MedicalResearch.com: What is the background for this study? What are the main findings?
Response: Parents of very or extremely low birth weight infants are less likely to have subsequent children after preterm birth. We assessed whether this phenomenon extends over the whole range of prematurity.
We now show that parents of preterm-born infants (gestational age less than 37 completed weeks of gestation) have fewer subsequent children than do parents of term born infants. This is not limited to the extreme group of parents of children born very preterm, but is even seen within the large groups of parents of infants born less preterm.
MedicalResearch.com: What should clinicians and patients take away from your report?
Response: Our findings add a novel viewpoint to the discussion about the impacts of prematurity: premature birth has not only significant consequences on the health of an individual but a substantial population impact. In a high-income country, this population impact of preterm birth is mainly due to the “missing siblings”, whose number is more than three-fold higher than that of preterm infants who die in infancy.
The study results may reflect the crisis a premature birth may cause for the parents and its far-reaching impact. The birth of a premature infant is often a surprise, and can place the parents in a situation where their hopes and resources do not meet their expectations on parenting or the challenges during early childhood.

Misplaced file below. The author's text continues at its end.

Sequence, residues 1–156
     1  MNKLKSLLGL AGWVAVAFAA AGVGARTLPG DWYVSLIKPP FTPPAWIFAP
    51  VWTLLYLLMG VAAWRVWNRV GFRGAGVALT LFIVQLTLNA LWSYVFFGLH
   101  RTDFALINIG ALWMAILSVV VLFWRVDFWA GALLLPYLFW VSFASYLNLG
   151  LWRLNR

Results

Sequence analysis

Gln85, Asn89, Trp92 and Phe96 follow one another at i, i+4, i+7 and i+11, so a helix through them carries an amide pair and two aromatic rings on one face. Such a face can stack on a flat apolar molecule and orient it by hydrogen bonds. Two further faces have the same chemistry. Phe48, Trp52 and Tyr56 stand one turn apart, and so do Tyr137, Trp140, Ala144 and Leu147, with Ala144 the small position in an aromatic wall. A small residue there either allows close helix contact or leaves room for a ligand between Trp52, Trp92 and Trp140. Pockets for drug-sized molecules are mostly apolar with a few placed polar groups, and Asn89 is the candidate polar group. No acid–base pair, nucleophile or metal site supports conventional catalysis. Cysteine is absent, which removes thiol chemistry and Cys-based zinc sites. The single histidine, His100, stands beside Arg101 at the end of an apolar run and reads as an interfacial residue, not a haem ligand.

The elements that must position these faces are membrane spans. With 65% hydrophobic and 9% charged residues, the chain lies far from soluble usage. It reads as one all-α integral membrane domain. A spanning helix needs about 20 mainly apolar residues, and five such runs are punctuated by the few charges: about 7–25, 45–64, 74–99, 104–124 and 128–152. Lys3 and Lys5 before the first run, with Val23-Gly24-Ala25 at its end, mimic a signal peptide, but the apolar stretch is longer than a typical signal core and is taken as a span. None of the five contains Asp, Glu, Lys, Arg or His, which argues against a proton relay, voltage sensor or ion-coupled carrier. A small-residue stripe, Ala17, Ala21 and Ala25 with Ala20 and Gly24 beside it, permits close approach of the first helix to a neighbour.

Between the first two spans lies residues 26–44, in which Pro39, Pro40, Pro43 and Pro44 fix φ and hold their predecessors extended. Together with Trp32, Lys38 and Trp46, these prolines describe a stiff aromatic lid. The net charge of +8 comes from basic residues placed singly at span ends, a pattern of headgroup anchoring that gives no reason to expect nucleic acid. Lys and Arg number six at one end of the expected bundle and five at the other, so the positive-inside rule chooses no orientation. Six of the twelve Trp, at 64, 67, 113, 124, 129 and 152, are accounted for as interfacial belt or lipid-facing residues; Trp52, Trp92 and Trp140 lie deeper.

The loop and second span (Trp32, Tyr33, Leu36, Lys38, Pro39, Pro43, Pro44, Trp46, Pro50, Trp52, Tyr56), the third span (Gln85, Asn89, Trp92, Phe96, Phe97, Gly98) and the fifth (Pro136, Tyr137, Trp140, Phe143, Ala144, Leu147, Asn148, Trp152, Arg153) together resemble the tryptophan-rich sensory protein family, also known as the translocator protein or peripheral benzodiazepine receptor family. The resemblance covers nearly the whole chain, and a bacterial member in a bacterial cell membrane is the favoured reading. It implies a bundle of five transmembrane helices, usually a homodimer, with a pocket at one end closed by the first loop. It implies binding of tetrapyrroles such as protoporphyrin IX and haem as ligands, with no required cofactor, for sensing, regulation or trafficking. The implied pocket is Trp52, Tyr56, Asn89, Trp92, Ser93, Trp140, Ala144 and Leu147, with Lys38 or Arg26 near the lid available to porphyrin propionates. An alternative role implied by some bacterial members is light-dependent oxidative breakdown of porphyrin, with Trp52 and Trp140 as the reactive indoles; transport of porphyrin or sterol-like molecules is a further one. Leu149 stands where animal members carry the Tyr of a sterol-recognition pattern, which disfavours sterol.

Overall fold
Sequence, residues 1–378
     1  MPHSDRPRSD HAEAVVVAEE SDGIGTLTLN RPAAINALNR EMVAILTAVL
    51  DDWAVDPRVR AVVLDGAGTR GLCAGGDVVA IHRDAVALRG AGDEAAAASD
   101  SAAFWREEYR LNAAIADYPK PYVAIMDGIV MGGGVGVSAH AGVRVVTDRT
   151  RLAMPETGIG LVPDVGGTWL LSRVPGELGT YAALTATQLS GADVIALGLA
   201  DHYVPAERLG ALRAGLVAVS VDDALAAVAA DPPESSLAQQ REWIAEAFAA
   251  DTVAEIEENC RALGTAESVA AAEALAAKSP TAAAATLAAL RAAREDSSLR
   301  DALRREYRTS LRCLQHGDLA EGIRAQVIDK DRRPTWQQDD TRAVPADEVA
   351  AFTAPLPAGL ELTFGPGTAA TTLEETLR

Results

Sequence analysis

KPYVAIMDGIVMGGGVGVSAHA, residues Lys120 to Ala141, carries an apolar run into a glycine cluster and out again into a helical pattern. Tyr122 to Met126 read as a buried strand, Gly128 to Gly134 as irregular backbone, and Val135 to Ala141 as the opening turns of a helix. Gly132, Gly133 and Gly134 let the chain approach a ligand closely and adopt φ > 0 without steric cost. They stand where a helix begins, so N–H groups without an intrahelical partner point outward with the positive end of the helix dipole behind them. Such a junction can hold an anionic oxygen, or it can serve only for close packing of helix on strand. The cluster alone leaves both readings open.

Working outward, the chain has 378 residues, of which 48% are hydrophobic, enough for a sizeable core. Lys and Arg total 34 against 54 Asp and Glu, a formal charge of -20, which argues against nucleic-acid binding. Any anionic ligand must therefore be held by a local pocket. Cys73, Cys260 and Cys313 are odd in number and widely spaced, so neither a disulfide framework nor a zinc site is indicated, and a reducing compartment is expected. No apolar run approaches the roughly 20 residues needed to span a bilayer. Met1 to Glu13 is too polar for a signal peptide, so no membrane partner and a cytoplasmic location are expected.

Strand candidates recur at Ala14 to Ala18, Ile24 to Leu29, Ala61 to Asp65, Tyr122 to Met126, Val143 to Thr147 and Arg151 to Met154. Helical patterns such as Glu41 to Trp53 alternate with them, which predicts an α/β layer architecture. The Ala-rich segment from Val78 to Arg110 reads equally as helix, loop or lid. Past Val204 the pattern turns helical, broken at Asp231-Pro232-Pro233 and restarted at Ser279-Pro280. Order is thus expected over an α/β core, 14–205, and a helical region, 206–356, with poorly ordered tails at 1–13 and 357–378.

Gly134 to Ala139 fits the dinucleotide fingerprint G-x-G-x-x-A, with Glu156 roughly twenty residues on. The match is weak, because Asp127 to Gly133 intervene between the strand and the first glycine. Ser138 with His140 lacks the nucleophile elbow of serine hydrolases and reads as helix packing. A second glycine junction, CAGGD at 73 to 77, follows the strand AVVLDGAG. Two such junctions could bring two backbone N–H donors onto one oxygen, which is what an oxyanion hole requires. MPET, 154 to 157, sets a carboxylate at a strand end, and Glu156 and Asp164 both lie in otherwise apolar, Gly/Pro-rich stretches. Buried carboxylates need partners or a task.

MedicalResearch.com: What recommendations do you have for future research as a result of this study?
Response: The current study shows a relationship between decreasing gestational age and fewer parental subsequent children after preterm birth. Further studies are needed to identify potential modifiable factors in order to better support the families of preterm born infants for example at well baby –clinics.
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The Missing Siblings of Infants Born Preterm
Suvi Alenius, Eero Kajantie, Reijo Sund, Pieta Näsänen-Gilmore, Marja Vääräsmäki, Mika Gissler, Petteri Hovi
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